An Aussie TikToker has inspired teens around the world to suit up and see the latest Minions movie.
ANU Reporter Senior Writer
If you’ve taken a trip to the cinema over the school holidays, you might have been bewildered by the sight of high school boys dressed in formalwear and brandishing bananas.
Well-dressed youths around the world are flocking to theatres to attend screenings of Minions: The Rise of Gru as part of the latest social media trend.
The phenomenon began after Sydney teenager Bill Hirst shared a Tiktok of his mates watching the Despicable Me prequel in their best suits. The group are depicted in a solemn line ascending on an escalator to the cinema and then sitting in a row in the theatre while steepling their fingers in an imitation of the character Gru’s trademark gesture.
After being reposted on the official Minions TikTok account, the video has gone viral, racking up more than 36 million views and sparking a global wave of #gentleminions. The movement seems to have had a tangible impact on the film’s success. The Rise of Gru set box office records over the July 4 long weekend in the US. In Australia, the movie is ranked number one in the country, beating out other blockbusters including Baz Luhrmann’s Elvis and Top Gun: Maverick.
Dr Jenny Davis from the School of Sociology at The Australian National University (ANU) says it’s rarely obvious why anything goes viral, and that’s often part of the magic.
“It’s hard to predict or explain virality,” Davis says. “Things that are fun, relatable, and visually spectacular have a better chance of going viral than things that do not have those characteristics.”
The people participating in the gentleminions trend are predominantly boys in their mid-late teens who would have been in preschool or early primary school when the original Despicable Me film was released in 2010.
But is their urge to suit up due to a collective sense of nostalgia or a sign of the Tiktok’s algorithm’s power to influence?
Davis says online social networks often have a homogenous quality, as people tend to interact with others just like them. This is reinforced through recommender systems like TikTok’s For You page and other content delivery algorithms.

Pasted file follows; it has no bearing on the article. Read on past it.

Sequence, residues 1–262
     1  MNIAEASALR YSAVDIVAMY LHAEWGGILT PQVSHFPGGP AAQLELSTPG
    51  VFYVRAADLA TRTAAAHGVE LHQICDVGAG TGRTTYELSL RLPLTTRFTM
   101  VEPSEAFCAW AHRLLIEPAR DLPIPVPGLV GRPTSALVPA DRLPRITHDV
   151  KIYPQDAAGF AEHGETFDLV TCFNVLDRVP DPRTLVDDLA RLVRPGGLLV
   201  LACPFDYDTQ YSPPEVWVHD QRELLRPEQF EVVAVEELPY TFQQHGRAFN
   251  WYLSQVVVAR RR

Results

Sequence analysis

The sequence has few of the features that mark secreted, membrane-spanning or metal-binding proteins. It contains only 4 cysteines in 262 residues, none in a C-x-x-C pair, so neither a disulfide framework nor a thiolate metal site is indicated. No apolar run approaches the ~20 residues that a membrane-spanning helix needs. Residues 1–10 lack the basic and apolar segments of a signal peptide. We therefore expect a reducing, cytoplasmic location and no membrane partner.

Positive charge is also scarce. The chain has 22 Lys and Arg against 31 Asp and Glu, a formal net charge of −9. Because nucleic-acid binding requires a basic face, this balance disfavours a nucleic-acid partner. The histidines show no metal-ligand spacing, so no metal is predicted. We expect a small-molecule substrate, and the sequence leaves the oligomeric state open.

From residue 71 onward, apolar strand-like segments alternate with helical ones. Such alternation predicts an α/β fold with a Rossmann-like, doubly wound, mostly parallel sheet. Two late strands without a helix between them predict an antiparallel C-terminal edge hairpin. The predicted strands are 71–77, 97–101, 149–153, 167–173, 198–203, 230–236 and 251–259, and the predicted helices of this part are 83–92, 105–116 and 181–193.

“Algorithms deliver content to people who they think will like it, and those predictions are based upon data from existing users who engaged with a piece of content,” Davis says. “If the phenomenon started with teenage boys, it’s unsurprising that things would snowball among the demographic.”
Davis says it’s not surprising that a social media trend is inspiring kids to take real life action – which, in this case, involves dressing up and heading to the movies with friends. Cheering at some screenings has become so rowdy that cinemas in the UK are reportedly enforcing restrictions around group size and dress codes.
“Contemporary society is a hybrid of online and offline. In other words, of course viral content moves between digital and physical because that’s how life works now.”
Davis is dubious, however, about whether this kind of fervour could be replicated through marketing.
“People can smell a forced or commercialised campaign and are likely to either ignore or ridicule the effort.”
While other patrons may find the well-dressed gentleminions disruptive, the content they produce is largely wholesome.
“It’s fun to watch kids out having fun,” Davis says. “Especially these days.”
Top image: Justin Lim/Unsplash
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